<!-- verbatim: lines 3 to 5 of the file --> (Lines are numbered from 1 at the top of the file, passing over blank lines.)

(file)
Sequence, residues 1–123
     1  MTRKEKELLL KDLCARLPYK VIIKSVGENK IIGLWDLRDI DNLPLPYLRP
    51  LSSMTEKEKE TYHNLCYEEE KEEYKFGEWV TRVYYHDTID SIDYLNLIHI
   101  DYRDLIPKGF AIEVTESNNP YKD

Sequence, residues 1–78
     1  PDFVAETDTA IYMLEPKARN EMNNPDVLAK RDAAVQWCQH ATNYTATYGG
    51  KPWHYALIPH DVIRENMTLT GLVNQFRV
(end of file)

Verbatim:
    51  LSSMTEKEKE TYHNLCYEEE KEEYKFGEWV TRVYYHDTID SIDYLNLIHI
   101  DYRDLIPKGF AIEVTESNNP YKD

Sequence, residues 1–78